So, why do people leave Christianity? With it nearing upon back-to-school season, hopeful young people all across America are readying a return to their secularist education in the hopes of one day successfully climbing that corporate ladder, and becoming the consumer statistic they’ve always wanted to be. Right? And in light of the prospect of finally entering into our “equality” based, homogenized society where the role models are Dr. Seuss and Miley Cyrus, we have to wonder. Is there more to life than this? Even if we encourage our young people to go out and leave the world a better place – ultimately, what’s the point? Leave behind wealth, sure…but to whose benefit? And be a good person of course…but by what standard and why?
Christianity once provided Western Civilization with foundational truth towards family, government, law, scientific progress, art and more – but over the years leftist/progressives and even some on the right have sought to remake society into one where the only belief is the belief in yourself or some ambiguous greater good. And for the most part, it’s working. Because as many of the nation’s young people will affirm, since there’s nothing particularly important about Christianity, why get worked into a lather about it? Isn’t it okay if everyone has a different view of the truth?
As Californian Richard Wade of the Friendly Atheist website’s motto says, “Agreement is not important – only understanding is.”
This is why the “Church” of Unitarian Universalists holds such great appeal to the growing number of folks who abhor fundamentalist thinking. Here, where greater emphasis is placed on a dogma-free environment, rather than a possibly messy truth, people can feel like they’re asking questions without imposing answers, and explore ideas on social justice and community. And for Ross Harvey, an atheist of North Vancouver (British Columbia), the Unitarians were exactly the “social glue” he’d been looking for. Says Psychology Today, “Just three years earlier he had confided to his wife that he wished there were a ‘church you could go to where you sang and heard inspirational talks and you didn’t have to get into all that other nonsense'”. Nonsense which, ironically enough, has instilled millions of people throughout the history of the world with a very solid foundation for social justice and community service. It’s just not what people like Mr. Harvey want to hear.
But it really shouldn’t come as a surprise that under the watch-care of the Department of Education and Institutions of so-called “higher” learning, that the western individual has increasingly grown mistrustful of the more traditional teachings of Christian doctrine. Where we once had the Ten Commandments, we now have the doctrines of statism and a secularist facade of equality. Where once we kneeled to say our bedtime prayers, we now “pray” to the god of government to create a more perfect society. And where we once understood God as the Supreme Lawgiver and Savior of Humanity, we now consider the great spirit of options and open-minded investigation. Especially when it comes to teaching the next generation.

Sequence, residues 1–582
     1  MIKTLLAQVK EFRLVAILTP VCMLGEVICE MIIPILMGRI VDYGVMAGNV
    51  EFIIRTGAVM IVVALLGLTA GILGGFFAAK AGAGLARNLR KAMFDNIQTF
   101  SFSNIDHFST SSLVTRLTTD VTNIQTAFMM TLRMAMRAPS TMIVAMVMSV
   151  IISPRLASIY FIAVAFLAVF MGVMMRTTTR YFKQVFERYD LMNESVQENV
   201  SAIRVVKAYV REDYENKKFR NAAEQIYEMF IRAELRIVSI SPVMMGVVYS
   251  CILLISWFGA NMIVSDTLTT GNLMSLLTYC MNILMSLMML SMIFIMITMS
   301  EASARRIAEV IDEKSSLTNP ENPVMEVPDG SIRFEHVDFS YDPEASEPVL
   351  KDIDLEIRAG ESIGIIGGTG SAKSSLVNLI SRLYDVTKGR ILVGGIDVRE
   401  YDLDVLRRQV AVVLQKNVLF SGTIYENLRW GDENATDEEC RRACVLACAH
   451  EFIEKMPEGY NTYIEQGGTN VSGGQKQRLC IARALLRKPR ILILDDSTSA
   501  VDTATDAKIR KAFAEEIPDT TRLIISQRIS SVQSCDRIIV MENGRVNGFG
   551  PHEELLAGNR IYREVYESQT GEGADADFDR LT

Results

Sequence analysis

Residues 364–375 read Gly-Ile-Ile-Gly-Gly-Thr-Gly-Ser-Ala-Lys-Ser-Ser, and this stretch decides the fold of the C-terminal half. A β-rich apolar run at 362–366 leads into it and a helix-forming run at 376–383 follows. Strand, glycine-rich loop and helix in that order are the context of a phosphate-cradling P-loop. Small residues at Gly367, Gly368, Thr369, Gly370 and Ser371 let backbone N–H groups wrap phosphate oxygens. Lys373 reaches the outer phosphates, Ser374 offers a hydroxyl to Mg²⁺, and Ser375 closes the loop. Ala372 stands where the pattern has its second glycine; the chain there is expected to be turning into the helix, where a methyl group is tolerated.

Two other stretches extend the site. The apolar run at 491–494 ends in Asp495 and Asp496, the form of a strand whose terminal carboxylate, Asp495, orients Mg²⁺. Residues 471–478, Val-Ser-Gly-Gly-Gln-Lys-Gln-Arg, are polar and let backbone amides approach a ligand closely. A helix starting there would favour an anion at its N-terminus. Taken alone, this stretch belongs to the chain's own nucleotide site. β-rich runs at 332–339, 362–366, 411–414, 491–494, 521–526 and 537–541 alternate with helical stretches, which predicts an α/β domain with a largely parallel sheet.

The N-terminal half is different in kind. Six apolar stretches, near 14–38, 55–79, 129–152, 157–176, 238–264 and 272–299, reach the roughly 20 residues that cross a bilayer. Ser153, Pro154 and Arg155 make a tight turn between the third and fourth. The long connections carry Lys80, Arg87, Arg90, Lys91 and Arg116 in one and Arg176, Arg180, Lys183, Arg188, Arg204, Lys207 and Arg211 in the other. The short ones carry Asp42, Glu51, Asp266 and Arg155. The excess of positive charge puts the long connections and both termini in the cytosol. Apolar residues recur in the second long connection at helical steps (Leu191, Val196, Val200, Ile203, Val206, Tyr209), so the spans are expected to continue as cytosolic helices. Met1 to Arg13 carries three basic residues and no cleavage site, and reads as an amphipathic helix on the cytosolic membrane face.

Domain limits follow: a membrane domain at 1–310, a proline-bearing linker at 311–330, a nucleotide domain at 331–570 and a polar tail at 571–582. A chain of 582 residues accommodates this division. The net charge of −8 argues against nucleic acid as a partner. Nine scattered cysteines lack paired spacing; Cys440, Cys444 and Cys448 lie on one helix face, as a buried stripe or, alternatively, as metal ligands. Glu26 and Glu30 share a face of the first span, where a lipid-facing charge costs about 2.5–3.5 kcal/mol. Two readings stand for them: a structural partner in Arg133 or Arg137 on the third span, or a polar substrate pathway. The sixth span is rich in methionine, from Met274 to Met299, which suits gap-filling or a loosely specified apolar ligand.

Wendy Thomas Russell, author of Relax It’s Just God, believes that a lot of adults struggle with being honest with their children, while striving to avoid religious “indoctrination” and scary beliefs or putting them into a position to be made fun of or hurt. She recommends that we teach our kids “the difference between fact and faith, between dogma and freethinking” – but then let them take it from there. However, while this may seem like an enlightened approach, parents certainly wouldn’t allow a child to climb into a cage full of tigers simply to affirm that child’s decision and drive to explore. So in light of this, why wouldn’t a parent guide their children into successful adulthood by providing them with the wisdom and truth they learned from their parents? Is it because society relegates anything perceived as “old” as full of musty ideals that can’t hold a candle to our deep knowledge of celebrity gossip and an unsurpassed knowledge of television trivia?
Ultimately however, is it really about truth? Or is it simply about doing what we want – and the consequences be damned? Never mind that the answer to “how could a loving God condemn people to Hell” lies in our own rebellious nature, or that horrors like the Holocaust happened not because of God – but because of each individuals’ own willingness to call evil good in order to fulfill their selfish desires. In the meantime, because it’s more fun to pursue sex and buy toys, the answer to these important questions and more will likely never be discovered as long as people willingly, or out of ignorance, stick Truth into their own little musty closet of Relativism. However, let’s face it. Truth exists whether we choose to believe in it or not. And sort of like Captain Picard on Star Trek, it doesn’t require our belief to make it so.
Article quotes from Psychology Today, June 2012, The Atheist at the Breakfast Table, By Bruce Grierson